On Sunday, September 22, a dog was killed and a firefighter injured in a house fire in Kenilworth, New Jersey. According to nj.com, firefighters reported that the fire started in the basement and spread through to the second floor. The dog was found on the second floor, and while initially responsive, the K9 was taken to an area animal hospital where it was pronounced dead.
If your home is too dangerous for you it is too dangerous for your pet. Fire, weather, gas leaks, and other situation provide hazardous conditions in which you need to evacuate or move to a safe shelter within your home. If conditions are unsafe for you, they are unsafe for your pet.
In the New Jersey fire no one was home but the dog. The only option that could've helped the animal would be home fire sprinklers (link to previous fire safety article)or a home alarm system that could have alerted firefighters to the fire earlier than it did.
There are simple steps you can take to prepare you and your pet for emergencies. Prepare now to be safe tomorrow. Start by having your dog properly registered and identified with a microchip and identification tag on the collar. If you become separated from your pet or disaster strikes while you aren't home, identification aids rescuers in reuniting you with your pet.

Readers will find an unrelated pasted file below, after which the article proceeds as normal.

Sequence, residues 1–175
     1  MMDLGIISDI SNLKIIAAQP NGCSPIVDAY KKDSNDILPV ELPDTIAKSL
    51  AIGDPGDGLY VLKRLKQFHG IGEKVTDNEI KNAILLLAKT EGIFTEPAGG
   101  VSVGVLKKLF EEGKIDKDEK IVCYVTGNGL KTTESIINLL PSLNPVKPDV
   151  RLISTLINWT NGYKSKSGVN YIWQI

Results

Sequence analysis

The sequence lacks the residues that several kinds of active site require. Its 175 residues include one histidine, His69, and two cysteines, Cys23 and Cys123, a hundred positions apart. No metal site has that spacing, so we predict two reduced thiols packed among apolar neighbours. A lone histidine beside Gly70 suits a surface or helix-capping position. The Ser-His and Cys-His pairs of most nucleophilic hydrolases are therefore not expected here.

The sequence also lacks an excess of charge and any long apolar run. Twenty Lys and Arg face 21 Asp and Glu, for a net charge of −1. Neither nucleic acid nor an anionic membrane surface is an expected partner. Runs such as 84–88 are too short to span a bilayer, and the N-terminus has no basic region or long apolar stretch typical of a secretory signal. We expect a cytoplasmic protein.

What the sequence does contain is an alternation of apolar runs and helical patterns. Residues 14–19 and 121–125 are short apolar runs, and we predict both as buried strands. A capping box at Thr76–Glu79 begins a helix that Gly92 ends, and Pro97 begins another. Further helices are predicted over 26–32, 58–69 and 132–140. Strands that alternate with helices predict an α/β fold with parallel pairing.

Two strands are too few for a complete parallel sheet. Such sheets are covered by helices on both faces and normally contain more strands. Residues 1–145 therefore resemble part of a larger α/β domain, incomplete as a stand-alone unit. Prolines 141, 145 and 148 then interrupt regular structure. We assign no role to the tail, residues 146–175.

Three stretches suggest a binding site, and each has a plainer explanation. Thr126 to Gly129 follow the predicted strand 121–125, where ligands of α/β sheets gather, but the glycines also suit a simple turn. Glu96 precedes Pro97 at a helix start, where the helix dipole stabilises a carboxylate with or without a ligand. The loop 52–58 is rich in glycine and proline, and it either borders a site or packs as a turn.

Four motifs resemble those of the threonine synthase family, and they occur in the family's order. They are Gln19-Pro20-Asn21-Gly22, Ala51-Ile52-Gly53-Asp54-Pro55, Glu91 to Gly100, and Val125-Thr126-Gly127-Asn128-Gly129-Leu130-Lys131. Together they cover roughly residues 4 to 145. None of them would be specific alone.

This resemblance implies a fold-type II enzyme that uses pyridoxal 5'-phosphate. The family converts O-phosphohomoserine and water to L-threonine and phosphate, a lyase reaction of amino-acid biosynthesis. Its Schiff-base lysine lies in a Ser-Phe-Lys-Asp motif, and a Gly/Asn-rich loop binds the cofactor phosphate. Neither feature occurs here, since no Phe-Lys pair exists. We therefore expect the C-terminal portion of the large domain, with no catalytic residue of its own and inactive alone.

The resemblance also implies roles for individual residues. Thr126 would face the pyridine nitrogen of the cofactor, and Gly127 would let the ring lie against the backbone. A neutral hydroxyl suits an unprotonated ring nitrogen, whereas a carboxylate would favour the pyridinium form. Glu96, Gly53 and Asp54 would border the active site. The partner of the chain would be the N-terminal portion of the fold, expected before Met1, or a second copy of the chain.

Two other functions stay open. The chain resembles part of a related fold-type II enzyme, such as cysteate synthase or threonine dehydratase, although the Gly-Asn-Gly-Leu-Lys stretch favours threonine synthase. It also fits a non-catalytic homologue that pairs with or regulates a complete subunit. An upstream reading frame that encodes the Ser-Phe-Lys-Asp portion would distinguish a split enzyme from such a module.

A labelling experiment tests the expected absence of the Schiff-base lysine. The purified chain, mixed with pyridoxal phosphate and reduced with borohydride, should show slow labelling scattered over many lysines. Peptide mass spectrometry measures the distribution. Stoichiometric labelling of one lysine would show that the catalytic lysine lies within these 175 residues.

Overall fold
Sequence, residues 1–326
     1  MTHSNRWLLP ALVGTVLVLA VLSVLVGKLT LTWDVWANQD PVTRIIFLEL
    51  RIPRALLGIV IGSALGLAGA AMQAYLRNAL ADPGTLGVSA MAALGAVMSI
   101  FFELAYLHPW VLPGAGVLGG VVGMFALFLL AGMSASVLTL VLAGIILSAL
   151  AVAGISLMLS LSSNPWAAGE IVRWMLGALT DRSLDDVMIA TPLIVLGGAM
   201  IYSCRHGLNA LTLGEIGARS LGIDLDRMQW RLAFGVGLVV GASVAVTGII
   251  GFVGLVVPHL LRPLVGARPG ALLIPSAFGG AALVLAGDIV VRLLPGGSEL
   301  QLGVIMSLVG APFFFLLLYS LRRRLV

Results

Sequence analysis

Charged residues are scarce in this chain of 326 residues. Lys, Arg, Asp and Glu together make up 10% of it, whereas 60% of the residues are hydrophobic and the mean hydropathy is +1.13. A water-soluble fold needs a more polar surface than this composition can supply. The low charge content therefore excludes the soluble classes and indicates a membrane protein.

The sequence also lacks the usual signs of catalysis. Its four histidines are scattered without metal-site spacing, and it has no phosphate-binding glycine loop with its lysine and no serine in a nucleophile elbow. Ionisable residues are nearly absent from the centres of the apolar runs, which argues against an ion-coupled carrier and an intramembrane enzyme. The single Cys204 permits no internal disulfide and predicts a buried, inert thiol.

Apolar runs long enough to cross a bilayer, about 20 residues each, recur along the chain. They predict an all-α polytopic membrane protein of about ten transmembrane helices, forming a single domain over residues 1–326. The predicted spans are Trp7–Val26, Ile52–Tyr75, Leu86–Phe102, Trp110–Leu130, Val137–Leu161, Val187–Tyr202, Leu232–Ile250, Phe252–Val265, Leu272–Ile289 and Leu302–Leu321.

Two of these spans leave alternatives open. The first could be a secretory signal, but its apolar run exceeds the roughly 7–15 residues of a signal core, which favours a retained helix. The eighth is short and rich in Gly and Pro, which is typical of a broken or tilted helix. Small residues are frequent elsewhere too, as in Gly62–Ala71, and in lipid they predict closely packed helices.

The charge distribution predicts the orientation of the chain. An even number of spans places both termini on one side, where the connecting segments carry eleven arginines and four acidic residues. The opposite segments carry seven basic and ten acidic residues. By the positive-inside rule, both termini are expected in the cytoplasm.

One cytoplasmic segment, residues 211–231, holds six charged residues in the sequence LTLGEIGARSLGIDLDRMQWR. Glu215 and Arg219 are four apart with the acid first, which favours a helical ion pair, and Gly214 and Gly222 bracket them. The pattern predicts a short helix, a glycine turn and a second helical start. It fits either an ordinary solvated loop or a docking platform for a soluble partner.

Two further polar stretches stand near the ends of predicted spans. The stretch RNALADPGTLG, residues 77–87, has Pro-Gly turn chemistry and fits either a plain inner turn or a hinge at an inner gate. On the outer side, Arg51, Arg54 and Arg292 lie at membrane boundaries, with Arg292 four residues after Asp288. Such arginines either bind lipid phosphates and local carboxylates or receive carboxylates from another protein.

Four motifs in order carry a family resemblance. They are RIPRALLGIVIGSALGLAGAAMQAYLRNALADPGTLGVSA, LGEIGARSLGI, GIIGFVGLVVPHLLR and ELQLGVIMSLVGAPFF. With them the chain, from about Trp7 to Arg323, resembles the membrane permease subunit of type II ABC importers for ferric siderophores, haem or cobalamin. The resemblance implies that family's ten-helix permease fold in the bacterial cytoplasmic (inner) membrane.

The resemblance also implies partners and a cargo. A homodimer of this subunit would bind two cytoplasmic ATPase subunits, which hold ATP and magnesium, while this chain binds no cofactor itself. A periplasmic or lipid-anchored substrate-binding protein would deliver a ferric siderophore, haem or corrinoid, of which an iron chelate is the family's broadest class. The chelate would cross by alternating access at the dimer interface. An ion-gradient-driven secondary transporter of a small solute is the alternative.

Prepping? Storing food for the apocalypse? You need food, water, shelter, first aid and so does your pet. Make sure to have any medicines your pet requires as well as enough food.
If you stay in a temporary emergency shelter they may not take your pets. Plan ahead. Contact your veterinarian, local human society, or other boarding facilities to make arrangements for them to host your pet during an emergency. If you flee your home due to fire, remember your pet. If you evacuate because of impending natural disaster do not leave your pet behind.
To aid responders and rescuers, you can order a free emergency pet alert sticker from the American Society for the Prevention of Cruelty to animals (ASPCA). You can also learn more about preparing for emergencies with your pet. Learn about preparing a kit and special considerations: ASPCA Disaster Preparedness
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Alex is a volunteer firefighter in Evansville, Indiana and a full-time firefighter in Providence, Kentucky. You can follow him on Twitter @FireSafetyAZ